1. Traditional – marked by the ‘golden age of teacher’s autonomy’ where teacher is in control of their teaching practices without accountability outside the classroom. They develop their own curriculum and implement their own pedagogy. Parents trust the teacher to provide for the best learning opportunities to their children.
  2. Managerialist – characterized by a system where decisions about what to teach, how to teach and how to assess is made at school and national level rather than the teachers themselves (Furlong 2005). In addition, this prescriptive view tends to go for one-size-fits-all solutions to problems (Dainton 2005). However, managerialist played a powerful role in marginalising rather than amplifying teachers’ voice.
  3. Collaborative- this view of professionalism involve teachers working with other professionals, para-professionals and non-professionals from various disciplines. These include, among others, health visitors, general practitioners, social workers, education welfare officers, youth and community workers, education psychologists, speech and language therapists, learning mentors, the police and various local authority officers, as well as school support staff (see Reid 2005). In brief, collaborative professionalism equally applies to inter-professional agreements, where professions work with one another, but to the exclusion of other stakeholders.
  4. Democratic – includes a wider range of stakeholders, some of whose voices have traditionally been silent in education decision making (Apple 1996). It seeks to demystify professional work and build alliances between teachers and excluded constituencies of students, parents and members of the wider community.

So in essence, the definition of teacher professionalism is dynamic and cannot be confined to a place and time. It continually evolves depending on cultural perspective, political agenda, social and economic pressures. Relating to the Philippine educational setting, we have this Teachers Professionalization Act of 1994 (RA 7836) and the Code of Ethics for Professional teachers. RA 7836 state the professional mandate for teachers and the code of ethics state what is expected from teachers. In addition, teachers’ education curriculum has been overhauled as a move to improve teacher quality and presumably improved quality learning for all students. Then there is this National Competency-based Teachers Standard (NCBTS) as guide for teacher professional development. And just recently, the implementation of Continuing Professional Development (CPD) took effect for all professionals. All these factors affect how one views professionalism and how it is being perceived by others not in the profession.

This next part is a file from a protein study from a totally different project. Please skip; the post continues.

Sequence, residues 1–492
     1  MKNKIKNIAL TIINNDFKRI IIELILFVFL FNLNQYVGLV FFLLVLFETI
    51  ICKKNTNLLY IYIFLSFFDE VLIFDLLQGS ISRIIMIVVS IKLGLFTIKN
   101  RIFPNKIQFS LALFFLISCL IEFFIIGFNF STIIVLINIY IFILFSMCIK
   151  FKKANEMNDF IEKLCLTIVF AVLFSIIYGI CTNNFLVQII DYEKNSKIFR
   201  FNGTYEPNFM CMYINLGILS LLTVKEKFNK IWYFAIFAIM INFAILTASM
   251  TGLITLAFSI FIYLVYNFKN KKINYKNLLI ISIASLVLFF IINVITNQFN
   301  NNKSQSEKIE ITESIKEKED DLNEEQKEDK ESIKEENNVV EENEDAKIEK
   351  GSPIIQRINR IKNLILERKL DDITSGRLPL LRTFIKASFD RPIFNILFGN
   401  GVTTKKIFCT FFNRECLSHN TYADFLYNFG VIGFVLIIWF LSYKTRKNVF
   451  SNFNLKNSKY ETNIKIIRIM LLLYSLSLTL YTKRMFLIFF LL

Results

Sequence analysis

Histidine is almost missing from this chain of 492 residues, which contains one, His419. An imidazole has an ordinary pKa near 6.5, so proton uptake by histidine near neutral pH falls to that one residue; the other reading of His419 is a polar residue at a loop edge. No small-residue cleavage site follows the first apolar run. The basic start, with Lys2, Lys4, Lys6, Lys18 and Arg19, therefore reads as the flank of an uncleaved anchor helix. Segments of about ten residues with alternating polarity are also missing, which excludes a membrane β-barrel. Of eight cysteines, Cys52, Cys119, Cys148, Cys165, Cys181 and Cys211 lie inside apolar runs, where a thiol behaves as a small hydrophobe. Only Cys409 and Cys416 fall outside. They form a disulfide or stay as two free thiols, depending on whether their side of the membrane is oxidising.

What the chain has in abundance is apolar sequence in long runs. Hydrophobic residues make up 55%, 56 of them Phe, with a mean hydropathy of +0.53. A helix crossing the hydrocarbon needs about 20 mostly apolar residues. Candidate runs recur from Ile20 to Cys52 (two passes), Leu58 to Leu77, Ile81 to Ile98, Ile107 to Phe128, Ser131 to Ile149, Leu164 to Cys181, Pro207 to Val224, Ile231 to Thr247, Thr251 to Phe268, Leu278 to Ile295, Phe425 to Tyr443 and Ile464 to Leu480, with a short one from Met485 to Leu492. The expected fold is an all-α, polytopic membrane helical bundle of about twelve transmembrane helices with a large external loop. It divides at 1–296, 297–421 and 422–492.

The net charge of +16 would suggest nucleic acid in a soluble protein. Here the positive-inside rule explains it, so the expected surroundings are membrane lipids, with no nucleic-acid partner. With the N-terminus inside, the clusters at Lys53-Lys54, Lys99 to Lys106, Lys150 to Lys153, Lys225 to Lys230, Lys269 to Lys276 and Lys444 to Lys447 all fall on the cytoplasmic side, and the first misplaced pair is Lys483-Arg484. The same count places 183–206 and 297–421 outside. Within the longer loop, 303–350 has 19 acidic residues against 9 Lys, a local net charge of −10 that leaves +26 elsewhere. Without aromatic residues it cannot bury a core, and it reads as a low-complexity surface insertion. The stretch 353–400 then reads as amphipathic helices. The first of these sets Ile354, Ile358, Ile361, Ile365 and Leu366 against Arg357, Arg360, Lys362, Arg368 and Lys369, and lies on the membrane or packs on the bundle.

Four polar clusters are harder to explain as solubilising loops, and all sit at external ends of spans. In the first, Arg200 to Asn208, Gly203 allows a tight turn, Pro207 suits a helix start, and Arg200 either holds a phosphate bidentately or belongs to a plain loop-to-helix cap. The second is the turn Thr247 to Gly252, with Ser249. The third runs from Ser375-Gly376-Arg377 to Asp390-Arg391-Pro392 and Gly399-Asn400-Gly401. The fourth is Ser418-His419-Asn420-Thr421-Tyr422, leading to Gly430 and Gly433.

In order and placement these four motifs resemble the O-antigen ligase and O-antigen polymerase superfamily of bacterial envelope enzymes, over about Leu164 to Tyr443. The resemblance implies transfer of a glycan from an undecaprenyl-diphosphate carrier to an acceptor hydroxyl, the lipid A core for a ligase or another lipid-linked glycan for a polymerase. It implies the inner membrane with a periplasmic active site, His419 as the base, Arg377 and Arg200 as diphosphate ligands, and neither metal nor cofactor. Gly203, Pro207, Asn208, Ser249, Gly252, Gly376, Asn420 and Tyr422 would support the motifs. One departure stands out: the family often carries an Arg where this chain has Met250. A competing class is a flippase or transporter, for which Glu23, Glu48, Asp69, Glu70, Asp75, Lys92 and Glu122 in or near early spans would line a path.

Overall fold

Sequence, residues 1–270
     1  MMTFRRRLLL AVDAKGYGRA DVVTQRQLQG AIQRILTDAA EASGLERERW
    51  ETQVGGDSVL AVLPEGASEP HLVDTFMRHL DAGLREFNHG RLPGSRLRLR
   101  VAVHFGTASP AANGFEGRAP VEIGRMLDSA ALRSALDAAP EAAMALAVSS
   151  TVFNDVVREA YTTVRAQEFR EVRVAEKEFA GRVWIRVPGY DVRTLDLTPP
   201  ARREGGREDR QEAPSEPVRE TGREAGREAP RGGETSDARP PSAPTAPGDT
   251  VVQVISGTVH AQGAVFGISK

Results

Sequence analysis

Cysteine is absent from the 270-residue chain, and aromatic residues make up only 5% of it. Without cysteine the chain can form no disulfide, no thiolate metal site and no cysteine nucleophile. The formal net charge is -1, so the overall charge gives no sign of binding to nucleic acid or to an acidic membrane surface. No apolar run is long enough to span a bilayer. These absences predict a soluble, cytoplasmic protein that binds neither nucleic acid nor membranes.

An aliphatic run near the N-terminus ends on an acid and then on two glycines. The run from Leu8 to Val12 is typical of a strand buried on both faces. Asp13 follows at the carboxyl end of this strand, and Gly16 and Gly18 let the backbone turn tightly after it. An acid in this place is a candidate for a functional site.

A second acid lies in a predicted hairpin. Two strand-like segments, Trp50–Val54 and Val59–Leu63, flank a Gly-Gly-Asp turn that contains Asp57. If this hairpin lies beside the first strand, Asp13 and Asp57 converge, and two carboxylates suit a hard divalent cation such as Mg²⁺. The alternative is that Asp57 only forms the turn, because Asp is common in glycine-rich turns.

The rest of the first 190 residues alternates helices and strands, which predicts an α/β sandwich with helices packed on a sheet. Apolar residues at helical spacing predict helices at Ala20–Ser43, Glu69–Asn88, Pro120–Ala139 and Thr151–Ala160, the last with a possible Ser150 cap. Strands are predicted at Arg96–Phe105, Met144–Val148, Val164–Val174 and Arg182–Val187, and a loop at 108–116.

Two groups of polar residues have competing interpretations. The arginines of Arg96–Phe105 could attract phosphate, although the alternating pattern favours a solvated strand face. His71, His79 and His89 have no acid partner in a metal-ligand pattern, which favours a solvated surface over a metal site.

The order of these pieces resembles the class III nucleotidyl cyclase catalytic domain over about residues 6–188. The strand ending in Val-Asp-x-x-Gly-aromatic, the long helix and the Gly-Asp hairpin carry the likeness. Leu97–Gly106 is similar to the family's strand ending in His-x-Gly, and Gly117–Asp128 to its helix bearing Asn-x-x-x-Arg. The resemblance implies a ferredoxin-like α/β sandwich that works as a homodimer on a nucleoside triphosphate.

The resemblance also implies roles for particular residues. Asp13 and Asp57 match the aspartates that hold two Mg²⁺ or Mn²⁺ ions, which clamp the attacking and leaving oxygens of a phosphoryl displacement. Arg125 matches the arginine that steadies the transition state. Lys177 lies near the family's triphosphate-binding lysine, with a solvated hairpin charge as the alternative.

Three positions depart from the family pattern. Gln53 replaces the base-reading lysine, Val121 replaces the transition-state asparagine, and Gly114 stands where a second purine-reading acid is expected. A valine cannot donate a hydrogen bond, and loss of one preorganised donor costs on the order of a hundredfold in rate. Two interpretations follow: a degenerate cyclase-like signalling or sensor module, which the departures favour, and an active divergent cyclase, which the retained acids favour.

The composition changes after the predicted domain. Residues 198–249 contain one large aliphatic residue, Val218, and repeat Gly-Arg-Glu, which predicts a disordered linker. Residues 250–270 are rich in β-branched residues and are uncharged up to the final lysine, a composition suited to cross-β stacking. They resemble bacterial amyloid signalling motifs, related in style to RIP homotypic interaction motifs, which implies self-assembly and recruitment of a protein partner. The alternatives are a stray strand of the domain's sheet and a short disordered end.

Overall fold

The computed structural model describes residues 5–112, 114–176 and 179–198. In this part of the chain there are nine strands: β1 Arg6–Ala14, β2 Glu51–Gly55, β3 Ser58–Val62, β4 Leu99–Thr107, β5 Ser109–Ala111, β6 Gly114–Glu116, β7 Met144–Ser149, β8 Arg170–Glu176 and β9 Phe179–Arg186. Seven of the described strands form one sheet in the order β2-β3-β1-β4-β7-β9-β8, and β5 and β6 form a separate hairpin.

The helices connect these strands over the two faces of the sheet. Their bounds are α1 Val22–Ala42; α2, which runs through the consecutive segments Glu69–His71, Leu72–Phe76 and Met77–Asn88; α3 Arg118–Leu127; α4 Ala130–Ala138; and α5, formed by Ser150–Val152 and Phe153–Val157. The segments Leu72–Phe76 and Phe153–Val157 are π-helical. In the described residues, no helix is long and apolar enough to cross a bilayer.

After studying the resources, has your definition of teacher professionalism changed? Why or why not? If yes, how do you define teacher professionalism now and how is it different from your previous definition? 

After studying the resources, my definition of teacher professionalism has changed a lot. From my uninformed definition, I can say that the basic theoretical criteria have been met. Only, I failed to consider the power struggle of how the teacher professionalism has been defined and redefined through the years. Now, I can say that I am more informed about how the old notion of professionalism compares with that new notion or otherwise known as transformative professionalism. Hence, this is how I define teacher professionalism as I attempt to incorporate my learning for this module: teacher professionalism is the practice of teaching, having the knowledge, skills and values, duly certified educational attainment (meet all standards), adherence to a code of conduct, and high degree of autonomy. Autonomy has to do with being a reflective teacher, not easily persuaded or to conform without having a personal stance or belief. Hence, teacher professionalism has to do with having personal agency, practice of profession that can withstand pressures, both from within the profession or outside teaching.

What kind of professional teacher/educator would you like to be in the future?

Given the opportunity to formally enter the teaching profession, I would like to be a critically reflective teacher. At this time, there are just so many theories, approaches and best practices but what is important is for me to always inquire for what is appropriate for the given situation. With that, I will commit to lifelong learning, to professional development, and to building a solid foundation of my knowledge bases. Most importantly, I will always strive to render quality service with learners at the heart of my actions, committed to good morals and socially just education.

References:

http://www.sciencedirect.com/science/article/pii/S1877042810025498

https://www.eduhk.hk/apclc/roundtable2016/paper/Paper_byDrTerrenceQUONG.pdf

http://depedncr.ph/sites/default/files/code-of-ethics-for-professional-teachers.pdf

http://www.chanrobles.com/republicactno7836.htm#.WXX8qoVOLIU

https://www.researchgate.net/publication/277025843_Issues_of_professionalism_and_teachers_critical_observations_from_research_and_the_literature